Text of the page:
By Mary K. Good, Wake Forest University
(Originally posted on January 2018: reposted here with permission from Youth Circulations)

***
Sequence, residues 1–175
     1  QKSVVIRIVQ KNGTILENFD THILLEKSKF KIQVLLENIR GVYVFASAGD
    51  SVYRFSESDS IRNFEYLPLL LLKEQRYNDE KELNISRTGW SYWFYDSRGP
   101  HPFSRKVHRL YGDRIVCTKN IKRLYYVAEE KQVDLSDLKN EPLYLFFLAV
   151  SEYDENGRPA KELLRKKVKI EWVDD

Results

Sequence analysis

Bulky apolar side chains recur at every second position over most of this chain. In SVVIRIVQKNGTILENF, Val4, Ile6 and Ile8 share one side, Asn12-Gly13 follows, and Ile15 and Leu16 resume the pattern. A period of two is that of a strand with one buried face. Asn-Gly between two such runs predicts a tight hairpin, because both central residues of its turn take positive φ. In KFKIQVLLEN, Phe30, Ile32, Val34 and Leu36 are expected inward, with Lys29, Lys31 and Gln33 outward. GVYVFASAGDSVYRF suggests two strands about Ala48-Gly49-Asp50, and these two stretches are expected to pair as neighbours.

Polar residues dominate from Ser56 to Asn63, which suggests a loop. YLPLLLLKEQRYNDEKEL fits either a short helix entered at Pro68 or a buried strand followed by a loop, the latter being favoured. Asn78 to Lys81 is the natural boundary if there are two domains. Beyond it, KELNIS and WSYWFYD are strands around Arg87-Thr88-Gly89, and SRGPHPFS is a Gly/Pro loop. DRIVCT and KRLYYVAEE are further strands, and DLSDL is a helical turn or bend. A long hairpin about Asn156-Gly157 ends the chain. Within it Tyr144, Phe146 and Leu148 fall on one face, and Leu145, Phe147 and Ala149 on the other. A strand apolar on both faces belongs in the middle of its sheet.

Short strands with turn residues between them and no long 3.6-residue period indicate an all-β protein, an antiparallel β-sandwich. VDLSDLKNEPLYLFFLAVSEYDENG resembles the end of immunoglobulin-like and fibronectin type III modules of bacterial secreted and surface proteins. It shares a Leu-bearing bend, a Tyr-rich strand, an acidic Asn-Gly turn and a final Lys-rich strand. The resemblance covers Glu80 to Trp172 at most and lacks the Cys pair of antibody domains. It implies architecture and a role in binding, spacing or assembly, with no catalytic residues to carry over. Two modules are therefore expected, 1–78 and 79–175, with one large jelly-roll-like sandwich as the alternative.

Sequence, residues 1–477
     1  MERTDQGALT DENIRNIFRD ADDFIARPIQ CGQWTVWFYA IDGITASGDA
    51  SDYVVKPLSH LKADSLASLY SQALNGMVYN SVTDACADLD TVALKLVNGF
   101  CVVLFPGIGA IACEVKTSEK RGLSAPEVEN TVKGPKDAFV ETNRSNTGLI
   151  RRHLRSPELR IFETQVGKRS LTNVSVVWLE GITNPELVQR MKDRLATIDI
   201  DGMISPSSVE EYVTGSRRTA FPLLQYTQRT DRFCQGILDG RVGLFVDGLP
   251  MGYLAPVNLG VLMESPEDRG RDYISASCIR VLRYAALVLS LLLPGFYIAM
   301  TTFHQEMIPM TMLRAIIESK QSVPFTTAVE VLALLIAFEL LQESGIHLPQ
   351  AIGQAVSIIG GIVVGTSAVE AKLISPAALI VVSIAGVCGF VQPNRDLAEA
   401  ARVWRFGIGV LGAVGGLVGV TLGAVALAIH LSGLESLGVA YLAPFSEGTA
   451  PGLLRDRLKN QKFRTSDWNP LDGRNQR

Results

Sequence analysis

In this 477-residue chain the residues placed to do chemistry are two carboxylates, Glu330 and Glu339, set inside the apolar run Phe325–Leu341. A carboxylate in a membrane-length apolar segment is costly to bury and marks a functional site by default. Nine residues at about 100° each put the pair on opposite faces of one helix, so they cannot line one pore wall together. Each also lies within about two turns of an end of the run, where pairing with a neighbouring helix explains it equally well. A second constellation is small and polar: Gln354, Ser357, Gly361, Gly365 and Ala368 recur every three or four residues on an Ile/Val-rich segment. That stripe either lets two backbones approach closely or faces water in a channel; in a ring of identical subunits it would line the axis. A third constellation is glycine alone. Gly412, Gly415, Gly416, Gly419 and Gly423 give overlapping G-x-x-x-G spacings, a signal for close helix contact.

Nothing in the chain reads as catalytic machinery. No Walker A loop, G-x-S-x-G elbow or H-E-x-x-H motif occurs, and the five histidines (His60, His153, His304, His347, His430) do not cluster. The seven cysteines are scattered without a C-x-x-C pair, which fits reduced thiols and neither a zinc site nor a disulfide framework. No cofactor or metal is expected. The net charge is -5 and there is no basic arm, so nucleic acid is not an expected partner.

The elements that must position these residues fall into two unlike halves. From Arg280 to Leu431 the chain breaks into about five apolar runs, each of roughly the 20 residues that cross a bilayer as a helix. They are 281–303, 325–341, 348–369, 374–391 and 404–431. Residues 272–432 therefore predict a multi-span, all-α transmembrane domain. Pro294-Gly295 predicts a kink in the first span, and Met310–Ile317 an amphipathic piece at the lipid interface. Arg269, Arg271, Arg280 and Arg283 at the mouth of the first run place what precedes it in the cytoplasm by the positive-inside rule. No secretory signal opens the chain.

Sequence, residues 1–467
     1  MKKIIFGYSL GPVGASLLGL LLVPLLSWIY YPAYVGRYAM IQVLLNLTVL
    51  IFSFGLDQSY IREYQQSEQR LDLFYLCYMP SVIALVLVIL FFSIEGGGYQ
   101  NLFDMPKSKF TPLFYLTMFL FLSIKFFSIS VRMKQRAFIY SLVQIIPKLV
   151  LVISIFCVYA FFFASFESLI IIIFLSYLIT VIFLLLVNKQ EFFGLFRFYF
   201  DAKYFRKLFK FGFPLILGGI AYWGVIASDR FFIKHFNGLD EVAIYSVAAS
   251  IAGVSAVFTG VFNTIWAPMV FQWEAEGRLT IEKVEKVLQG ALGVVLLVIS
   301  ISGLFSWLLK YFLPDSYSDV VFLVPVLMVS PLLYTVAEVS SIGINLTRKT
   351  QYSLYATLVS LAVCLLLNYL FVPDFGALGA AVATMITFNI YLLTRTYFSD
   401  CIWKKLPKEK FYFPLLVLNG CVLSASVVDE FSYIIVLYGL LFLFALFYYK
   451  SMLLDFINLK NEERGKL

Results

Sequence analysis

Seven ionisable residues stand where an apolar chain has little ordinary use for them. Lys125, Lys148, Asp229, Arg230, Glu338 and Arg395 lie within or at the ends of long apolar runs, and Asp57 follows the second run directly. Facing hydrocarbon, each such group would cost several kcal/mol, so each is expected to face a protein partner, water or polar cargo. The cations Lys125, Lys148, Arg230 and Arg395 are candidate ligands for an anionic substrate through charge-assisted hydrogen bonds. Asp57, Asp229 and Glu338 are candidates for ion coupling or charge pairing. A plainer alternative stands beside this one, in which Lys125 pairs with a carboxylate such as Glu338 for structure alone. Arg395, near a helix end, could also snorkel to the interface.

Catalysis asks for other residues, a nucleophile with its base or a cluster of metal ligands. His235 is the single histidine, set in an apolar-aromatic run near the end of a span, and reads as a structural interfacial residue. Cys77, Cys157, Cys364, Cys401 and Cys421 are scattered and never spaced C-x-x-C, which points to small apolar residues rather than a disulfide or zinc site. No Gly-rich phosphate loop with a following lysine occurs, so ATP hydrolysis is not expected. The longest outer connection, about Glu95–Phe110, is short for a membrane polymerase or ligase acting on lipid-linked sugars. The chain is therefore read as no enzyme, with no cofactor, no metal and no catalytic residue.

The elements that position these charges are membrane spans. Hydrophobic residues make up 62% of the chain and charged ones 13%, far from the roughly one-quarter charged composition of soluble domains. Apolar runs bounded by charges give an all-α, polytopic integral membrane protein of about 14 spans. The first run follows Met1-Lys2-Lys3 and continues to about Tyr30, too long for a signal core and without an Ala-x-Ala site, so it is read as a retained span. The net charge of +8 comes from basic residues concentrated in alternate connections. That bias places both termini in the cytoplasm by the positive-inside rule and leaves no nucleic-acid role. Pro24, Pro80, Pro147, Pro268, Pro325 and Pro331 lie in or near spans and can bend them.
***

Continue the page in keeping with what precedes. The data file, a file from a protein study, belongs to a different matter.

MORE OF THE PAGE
Following the politically-driven riots in 2006, where looting and destruction of property was largely blamed on wayward youth, the nation of Tonga began to critically examine the emergent issue of youth unemployment and under-employment. The Tonga National Youth Congress and Tonga’s Ministry of Internal Affairs Division of Training, Employment, Youth, and Sports, along with several transnational non-governmental organizations and foreign government aid organizations, rolled out a variety of programs aimed at developing youth skills and offering pathways to employment. However, with about 60% of the population under the age of 25 (Tonga Census 2011), the numbers of youth seeking employment still outnumber available jobs, particularly on outer islands where fewer wage-earning opportunities exist. Thus, many youth and their families consider immigration to find work. Income from a temporary job overseas can sometimes exceed an entire year’s salary in Tonga. This economic incentive, coupled with a deeply engrained sense of moral responsibility to help one’s family and the prospect of an exciting adventure in the company of friends, leads many youth into circular migration—a pattern of movement that has become emblematic of life in parts of Tonga.